And that’s the basic picture. The details aren’t necessary because every school operates differently but I think you get it. In junior year, I bought into the hype. I hustled and bustled, searching for universities and scholarships, getting letters of recommendation, trying to take on way too many classes, and obsessing over who had the highest GPA. The following year, I just didn’t care anymore but I couldn’t help feeling undervalued. It was like success was a guarantee only for those who had their lives mapped out by 17 years old and senior year was the time to celebrate those kids who put in the hard work to get to this crucial point.
Don’t get me wrong. I admire those who slaved for straight A’s, developed killer applications, aced interviews and all that jazz. But what about the ones who were unconventional and different? What about people like me? There are lots of high school students that know they’re just as intelligent as the class Valedictorian but 4 more years of school isn’t the right path. Although teachers and guidance counselors are just doing their jobs, it’s unwise to scare kids into thinking that they’ll never make it if they don’t follow the formula:
Junior year (extracurricular activities) + high test scores and GPA’s = college acceptance. College acceptance + senior year = ultimate accomplishment. College degree + working for the man = American dream.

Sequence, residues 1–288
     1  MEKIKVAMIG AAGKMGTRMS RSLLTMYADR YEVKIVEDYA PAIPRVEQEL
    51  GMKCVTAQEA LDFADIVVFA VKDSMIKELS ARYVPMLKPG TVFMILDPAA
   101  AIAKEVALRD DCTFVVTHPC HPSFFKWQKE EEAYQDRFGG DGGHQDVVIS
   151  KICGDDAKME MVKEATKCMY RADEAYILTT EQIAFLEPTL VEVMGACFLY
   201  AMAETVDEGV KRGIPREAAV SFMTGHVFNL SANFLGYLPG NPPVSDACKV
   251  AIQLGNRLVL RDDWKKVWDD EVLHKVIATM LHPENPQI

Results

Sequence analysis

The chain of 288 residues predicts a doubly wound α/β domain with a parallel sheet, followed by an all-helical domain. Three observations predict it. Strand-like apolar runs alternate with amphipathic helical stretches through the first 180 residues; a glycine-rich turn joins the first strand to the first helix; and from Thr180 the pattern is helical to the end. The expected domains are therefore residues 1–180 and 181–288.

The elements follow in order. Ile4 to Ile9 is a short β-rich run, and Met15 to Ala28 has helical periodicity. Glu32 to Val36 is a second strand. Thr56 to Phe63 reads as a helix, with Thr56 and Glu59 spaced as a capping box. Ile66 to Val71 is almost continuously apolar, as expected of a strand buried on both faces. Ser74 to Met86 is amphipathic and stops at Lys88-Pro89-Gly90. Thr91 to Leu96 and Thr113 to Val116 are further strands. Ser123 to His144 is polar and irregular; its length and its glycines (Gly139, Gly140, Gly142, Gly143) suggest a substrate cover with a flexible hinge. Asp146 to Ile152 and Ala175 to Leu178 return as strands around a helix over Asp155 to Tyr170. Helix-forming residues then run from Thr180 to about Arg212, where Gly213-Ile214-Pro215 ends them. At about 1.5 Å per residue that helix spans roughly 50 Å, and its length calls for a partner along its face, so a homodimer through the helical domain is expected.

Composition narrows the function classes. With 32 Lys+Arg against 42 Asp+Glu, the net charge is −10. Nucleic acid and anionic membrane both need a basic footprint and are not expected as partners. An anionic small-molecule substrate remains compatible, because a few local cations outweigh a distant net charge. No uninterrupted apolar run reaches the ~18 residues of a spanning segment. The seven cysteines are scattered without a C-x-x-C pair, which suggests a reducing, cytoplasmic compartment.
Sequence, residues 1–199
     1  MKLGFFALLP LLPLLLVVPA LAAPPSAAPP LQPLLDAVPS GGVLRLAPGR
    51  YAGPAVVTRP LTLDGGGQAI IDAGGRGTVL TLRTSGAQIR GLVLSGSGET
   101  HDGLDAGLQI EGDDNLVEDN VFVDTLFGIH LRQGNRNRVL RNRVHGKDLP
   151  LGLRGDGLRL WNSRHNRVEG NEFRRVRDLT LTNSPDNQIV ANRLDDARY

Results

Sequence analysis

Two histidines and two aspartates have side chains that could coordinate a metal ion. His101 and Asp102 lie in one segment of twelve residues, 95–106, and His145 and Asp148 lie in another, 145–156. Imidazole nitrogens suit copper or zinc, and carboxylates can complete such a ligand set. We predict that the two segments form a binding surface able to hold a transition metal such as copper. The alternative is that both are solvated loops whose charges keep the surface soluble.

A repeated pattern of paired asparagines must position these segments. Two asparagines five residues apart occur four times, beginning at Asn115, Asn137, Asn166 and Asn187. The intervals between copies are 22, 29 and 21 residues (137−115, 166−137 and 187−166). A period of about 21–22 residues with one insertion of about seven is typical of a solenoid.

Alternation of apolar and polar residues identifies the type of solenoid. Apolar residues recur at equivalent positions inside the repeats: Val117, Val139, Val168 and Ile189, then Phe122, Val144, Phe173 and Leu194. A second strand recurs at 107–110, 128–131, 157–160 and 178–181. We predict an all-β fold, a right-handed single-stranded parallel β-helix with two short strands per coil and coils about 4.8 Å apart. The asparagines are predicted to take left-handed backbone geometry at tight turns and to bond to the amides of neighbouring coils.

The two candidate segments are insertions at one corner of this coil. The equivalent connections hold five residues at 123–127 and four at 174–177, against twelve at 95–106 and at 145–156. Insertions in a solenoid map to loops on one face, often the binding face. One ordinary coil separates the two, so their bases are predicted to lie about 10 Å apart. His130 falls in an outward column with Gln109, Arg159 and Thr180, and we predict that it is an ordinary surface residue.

These things are absolutely noble accomplishments but not everyone fits that mold. To me, the formula goes like this:
Junior year + too much on my plate = stress. Stress = – hair. College acceptance = (-$120,000 or more). College degree + working for the man = ultimate waste of 40 hours a week. I’m getting to a point here. Eventually, I gave in and went to college, ignoring my own beliefs. On the positive side, I did it on my own terms:
- My parents never pressured me. They believe that an education is important and can take you far in life but they also know me and way back then, they understood that college may not be my thing.
- I enrolled online and took classes at my own pace. This gave me the freedom to do the things that I valued. I didn’t move away so I could still attend my home church. Because all I needed was a computer, I could do my work on the go, enabling me to travel and stay flexible with a full-time work schedule that came later.
But even with all of this convenience, I don’t feel as though my college education equipped me with any real skills or preparation to go out there and take on the world of business. Now I have to admit that I have learned many things in college. There have been some amazing, eye-opening lessons and wonderful professors. However, those things came with a hefty price tag and lack of fulfillment.